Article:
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Young Adults and the ACA: Indiana University’s Kosali Simon Gives the Numbers

July 23, 2012
Health
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Among the most popular parts of the recently upheld Affordable Care Act is the under-26 provision: young people between 19 and 25 can stay on their parents’ health insurance, regardless of whether they are students. Similar mandates have existed at the state level for years, but their requirements vary widely: some require young people to be full-time students, unmarried or co-reside with parents; and eligibility ends anywhere between age 20 and 26. The ACA, working from the federal level, is broader in reach and has the potential to impact far more young adults.

But what has the ACA actually done for young people? A recent study by Indiana University’s Kosali Simon, Yaa Akosa Antwi and Asako Moriya found that the under-26 provision has significantly increased coverage through parental policies, and thereby reduced uninsurance among that age cohort. We sat down with Professor Simon to discuss the details of the study, which is one of the first comprehensive analyses of the ACA’s effect on young adults.

The study: Effects of Federal Policy to Insure Young Adults

The research: The IU study compared insurance in the period immediately before the provision was enacted into law (August 2008 to February 2010) to the post-enactment period (March through September 2010), as well as the staggered implementation period during which the provision was rolled out (October 2010 onwards). They also compared the affected group (19-25-year-olds) to those just older and younger.

The bottom line: The ACA had a clear impact on how young adults were insured. Reliance on parental employer coverage increased by 30 %, and uninsurance dropped by nearly 10%, on average during the period of staggered implementation compared to before enactment.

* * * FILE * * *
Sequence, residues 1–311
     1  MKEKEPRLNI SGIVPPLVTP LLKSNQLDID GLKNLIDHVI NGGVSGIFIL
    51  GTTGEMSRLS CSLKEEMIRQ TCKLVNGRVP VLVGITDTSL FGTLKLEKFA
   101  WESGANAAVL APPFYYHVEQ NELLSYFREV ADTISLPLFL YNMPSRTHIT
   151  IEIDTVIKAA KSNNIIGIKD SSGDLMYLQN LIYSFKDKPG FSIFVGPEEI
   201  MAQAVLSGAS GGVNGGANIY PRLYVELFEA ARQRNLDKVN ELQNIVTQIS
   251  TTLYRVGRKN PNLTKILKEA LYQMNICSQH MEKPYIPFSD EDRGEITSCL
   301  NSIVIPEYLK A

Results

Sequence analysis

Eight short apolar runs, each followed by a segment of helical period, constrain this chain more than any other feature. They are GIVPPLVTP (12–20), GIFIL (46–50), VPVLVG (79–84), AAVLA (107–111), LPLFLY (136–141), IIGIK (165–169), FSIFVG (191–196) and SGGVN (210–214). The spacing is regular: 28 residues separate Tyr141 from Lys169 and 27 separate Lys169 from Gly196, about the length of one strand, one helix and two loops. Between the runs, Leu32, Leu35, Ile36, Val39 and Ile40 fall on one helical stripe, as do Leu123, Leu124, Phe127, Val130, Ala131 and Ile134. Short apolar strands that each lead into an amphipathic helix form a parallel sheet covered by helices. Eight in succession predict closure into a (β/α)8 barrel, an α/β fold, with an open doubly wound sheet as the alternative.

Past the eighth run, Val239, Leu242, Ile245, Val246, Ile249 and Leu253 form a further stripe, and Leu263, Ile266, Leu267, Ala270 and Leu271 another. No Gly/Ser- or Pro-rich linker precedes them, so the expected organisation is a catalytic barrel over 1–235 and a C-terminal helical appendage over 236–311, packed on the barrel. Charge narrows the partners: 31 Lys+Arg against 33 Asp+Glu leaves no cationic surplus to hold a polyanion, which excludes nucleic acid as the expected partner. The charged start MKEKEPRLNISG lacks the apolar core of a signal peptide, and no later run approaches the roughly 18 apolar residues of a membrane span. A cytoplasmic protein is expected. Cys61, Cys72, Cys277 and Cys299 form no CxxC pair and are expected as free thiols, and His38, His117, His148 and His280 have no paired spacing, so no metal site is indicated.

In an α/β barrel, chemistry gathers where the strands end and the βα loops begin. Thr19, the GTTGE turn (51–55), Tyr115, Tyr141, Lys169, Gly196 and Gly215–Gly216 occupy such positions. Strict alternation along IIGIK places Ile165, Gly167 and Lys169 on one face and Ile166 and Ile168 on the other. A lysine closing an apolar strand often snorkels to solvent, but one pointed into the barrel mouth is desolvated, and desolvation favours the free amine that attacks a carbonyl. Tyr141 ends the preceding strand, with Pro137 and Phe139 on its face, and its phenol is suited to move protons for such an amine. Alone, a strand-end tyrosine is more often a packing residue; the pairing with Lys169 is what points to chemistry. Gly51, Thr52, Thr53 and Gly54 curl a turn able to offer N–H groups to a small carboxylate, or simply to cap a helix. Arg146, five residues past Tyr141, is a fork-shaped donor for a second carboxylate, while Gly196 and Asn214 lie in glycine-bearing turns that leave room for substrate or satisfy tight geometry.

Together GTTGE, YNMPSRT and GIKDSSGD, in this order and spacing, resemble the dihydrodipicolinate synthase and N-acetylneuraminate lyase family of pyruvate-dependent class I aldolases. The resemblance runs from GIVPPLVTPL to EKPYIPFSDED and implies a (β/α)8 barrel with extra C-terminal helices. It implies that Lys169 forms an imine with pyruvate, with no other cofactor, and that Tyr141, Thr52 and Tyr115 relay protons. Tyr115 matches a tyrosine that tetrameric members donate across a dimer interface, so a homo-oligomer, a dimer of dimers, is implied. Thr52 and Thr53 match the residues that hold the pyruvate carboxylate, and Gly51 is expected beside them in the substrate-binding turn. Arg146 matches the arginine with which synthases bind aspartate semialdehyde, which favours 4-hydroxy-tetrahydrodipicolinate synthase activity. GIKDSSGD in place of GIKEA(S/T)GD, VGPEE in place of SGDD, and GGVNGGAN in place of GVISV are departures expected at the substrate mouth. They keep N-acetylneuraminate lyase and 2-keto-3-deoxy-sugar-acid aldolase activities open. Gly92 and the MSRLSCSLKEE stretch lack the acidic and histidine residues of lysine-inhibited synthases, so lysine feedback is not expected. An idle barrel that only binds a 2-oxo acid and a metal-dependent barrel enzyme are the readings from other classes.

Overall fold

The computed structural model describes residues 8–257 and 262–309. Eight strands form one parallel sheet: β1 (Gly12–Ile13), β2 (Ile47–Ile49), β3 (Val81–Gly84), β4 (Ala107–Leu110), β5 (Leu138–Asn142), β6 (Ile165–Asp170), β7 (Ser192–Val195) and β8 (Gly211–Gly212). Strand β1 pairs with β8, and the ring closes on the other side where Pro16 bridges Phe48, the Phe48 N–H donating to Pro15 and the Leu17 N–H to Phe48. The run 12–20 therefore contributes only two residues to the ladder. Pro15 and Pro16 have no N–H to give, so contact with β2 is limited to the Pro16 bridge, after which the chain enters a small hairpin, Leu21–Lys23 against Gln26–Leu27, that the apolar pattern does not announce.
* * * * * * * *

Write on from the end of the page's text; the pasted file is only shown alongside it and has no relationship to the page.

Of the total increase in parental coverage, most of those covered were either previously uninsured young adults, or those previously on their own employer’s insurance. There was also a substantial number who had previously purchased insurance on the individual market.

Women and 23 to 25-year-olds were more likely to gain coverage in the first place relative to men and 19 to 22-year-olds; whites, the unmarried, and non-students were more likely to go on their parents’ insurance relative to non-whites, the married, and students.

Prof-Talk: Kosali Simon Explains her Research

NerdWallet: Walk us through dependent coverage – what’s different? Who benefits, and who loses out?

Kosali Simon: As far as insurers are concerned, the younger the better. They’re healthier, they’re less likely to have cancer or other diseases – young people are cheaper. Insurers are happy to take on these new customers, but of course even they are not free. Dependent coverage is expensive, compared to insuring just the employee. The cost of additional dependents ultimately is on employers and employees.

NW: Who will pay for the extra cost?

KS: It’s possible that the cost will be passed onto the people who have dependent plans. It should be easy to isolate the cost to just that group, it’s pretty visible.

NW: But nationally, dependent premiums haven’t really risen after the ACA, have they?

KS: Perhaps insurers and employers are adjusting other aspects of their plans to keep premiums the same—its hard to tell. But it’s also possible that insurers or employers may later increase premiums to deal with the higher cost.

NW: Dependent coverage has obviously increased substantially. But what are some effects that don’t get full discussion?

KS: Employer-based insurance is effectively a tax subsidy. Employers can pay for their employees’ insurance pre-tax, whereas if you were to receive your paycheck and use that money to buy your own insurance, it would be post-tax. This effect is often overlooked in public discussion. Whenever we expand employer health insurance, at the margin it’s a better deal for higher income families.  On the other hand, there could be transfers that happen within firms whereby higher paid workers effectively shoulder more of the health insurance costs within the firm than lower paid workers.

NW: And are there any other effects that we should be on the lookout for?

KS: There are likely to be social impacts to staying on parents’ insurance. Young people may become less independent, and it may change the way that they relate to their parents. On the other hand, young people may become more independent as they find they can pursue other career development options than just seeking a job with good fringe benefits from the start.

NW: Any final thoughts?

KS: It will be important to watch how health care utilization and health of this cohort is affected:  for example, young adults are particularly susceptible to depression and other mental health issues, which aren’t covered by catastrophe insurance and obviously are expensive for those who are uninsured. We hope to see through this insurance expansion that those conditions receive earlier and more appropriate treatment, but exactly how much that happens is still an open question.

NW: Thanks for your time, and for your research.